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Better savers spend less money on these 3 things

Reducing spending in three common budget categories may significantly boost your ability to save money.

Those are the findings of two studies investigating the spending habits of better savers and the psychology of saving.

Here’s how to apply these habits to your own budget.

MOVING FROM A

‘LOW’ SAVER TO A

‘MIDDLE’ SAVER

Research conducted by the Employee Benefit Research Institute and J.P. Morgan Asset Management, published in June 2020, aimed to determine why some American adults save more than others, even when they have equivalent salaries.

For long-term employees, across age groups, the study showed that high savers save around 3% more than middle savers. And middle savers save about 3% more than low savers. Here’s how the researchers defined low, middle and high savers:

∫ Low savers save about 2%-3% of their salary.

∫ Middle savers save about 5%-6% of their salary.

∫ High savers save about 9% of their salary, and more as they get older.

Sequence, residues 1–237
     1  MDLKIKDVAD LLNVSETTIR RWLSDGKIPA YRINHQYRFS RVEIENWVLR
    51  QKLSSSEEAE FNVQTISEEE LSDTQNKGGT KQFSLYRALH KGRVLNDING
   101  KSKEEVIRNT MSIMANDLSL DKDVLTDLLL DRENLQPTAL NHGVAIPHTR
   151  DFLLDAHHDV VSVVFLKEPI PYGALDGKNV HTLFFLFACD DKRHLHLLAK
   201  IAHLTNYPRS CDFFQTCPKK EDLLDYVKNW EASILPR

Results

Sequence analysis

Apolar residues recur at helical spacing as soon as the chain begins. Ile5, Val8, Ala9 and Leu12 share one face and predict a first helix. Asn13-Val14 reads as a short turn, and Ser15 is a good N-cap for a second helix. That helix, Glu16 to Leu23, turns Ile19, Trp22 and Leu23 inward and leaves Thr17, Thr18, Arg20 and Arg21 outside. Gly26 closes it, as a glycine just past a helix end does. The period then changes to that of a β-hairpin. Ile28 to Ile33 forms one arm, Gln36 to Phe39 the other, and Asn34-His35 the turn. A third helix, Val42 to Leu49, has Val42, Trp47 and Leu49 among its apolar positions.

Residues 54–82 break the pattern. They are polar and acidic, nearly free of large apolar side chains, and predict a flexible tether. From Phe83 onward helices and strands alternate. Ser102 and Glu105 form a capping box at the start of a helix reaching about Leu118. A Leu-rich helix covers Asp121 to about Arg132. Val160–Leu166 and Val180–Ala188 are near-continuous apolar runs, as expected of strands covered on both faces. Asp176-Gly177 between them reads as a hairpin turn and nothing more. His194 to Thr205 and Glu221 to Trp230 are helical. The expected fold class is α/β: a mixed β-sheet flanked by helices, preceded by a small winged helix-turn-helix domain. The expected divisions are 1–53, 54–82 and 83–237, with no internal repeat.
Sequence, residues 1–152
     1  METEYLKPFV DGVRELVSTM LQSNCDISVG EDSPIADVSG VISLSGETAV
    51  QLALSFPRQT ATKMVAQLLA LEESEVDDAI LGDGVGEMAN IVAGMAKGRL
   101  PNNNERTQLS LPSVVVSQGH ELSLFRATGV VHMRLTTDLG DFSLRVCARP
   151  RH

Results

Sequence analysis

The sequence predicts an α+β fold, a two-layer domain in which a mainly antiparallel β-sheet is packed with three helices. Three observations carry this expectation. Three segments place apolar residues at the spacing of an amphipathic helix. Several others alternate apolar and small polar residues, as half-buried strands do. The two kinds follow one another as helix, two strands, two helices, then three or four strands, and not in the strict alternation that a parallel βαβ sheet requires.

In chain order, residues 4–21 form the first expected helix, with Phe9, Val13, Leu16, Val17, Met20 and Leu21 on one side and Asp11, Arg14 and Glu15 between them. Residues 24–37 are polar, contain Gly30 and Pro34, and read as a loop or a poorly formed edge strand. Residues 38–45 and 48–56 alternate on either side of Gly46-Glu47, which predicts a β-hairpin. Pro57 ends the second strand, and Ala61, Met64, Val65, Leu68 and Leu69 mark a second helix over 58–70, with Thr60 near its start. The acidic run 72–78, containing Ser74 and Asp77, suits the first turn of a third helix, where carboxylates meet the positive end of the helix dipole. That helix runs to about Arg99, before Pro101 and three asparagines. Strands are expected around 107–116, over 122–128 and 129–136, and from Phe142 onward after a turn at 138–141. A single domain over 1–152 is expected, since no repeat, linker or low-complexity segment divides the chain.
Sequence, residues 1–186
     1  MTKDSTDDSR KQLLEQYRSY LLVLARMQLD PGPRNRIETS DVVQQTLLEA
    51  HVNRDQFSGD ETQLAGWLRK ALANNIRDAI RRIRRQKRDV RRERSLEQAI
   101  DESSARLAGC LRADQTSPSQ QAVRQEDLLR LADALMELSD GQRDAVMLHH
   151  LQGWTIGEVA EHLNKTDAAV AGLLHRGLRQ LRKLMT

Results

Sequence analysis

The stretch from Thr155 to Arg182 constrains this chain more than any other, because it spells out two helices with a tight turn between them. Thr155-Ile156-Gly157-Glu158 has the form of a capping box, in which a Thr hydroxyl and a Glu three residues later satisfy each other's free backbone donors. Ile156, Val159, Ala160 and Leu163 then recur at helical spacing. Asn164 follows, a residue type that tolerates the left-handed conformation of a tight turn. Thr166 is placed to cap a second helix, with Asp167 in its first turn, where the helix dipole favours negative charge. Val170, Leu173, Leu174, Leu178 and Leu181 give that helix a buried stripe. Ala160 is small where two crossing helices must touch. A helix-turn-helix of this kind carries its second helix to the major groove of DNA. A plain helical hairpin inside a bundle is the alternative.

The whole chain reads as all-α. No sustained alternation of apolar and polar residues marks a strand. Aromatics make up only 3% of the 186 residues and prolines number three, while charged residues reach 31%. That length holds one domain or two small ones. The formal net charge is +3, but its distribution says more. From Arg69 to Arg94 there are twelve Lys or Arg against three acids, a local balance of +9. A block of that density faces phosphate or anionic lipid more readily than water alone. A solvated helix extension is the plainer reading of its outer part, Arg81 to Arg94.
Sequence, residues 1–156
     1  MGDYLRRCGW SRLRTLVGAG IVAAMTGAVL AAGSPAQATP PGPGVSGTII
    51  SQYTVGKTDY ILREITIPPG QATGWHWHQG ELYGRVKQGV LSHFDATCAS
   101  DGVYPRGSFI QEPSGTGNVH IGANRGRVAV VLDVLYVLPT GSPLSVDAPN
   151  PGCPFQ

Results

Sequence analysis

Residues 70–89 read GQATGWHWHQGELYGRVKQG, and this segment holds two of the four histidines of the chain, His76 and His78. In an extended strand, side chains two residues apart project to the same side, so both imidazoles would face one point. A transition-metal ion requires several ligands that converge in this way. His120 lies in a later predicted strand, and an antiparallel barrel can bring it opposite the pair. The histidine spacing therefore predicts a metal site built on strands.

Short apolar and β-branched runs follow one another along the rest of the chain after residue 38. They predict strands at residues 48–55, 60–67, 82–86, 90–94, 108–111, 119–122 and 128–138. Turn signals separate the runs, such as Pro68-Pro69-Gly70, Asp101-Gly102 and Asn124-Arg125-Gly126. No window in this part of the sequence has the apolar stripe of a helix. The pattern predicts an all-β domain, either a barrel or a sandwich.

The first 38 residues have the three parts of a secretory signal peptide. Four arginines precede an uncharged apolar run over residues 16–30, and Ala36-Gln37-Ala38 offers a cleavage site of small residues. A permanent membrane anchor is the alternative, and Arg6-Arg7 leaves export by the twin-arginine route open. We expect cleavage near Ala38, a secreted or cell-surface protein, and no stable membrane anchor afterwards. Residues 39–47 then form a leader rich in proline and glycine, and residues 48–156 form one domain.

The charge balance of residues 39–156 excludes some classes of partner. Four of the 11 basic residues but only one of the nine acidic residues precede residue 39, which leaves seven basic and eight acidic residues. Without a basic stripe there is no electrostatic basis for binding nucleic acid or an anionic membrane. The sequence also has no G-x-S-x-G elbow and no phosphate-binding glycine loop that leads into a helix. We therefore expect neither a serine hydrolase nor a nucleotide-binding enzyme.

THE DIFFERENCE IS NOT A MATTER OF INCOME

It’s often believed that low savers save less because they simply don’t earn enough. However, in this study, middle savers and low savers have “very similar, if not the same salaries,” says Katherine Roy, chief retirement strategist for J.P. Morgan Funds and one of six authors of the study.

“So they’re earning the same, but it seems like the middle savers somehow are able to save 3% more than the low savers,” Roy adds.

And that 3% boost in savings “is huge,” she says. It could explain why the retirement plan balances of employees who are middle savers are almost twice as large as those of employees who are low savers.

BETTER SAVERS SPEND LESS MONEY IN 3

CATEGORIES

Where did low savers spend more of their money than middle savers? Three categories of expenditures, as a percentage of salary, rose to the top:

∫ Housing, including a mortgage or rent, taxes, utilities, and home services and furnishings.

∫ Food and beverage, including eating out and groceries.

∫ Transportation, including the purchase of vehicles, gasoline, train tickets and so forth.

A high cost of living, such as having a home in New York or San Francisco, did not seem to be a factor in why low savers were spending more in these categories than middle savers, Roy says.

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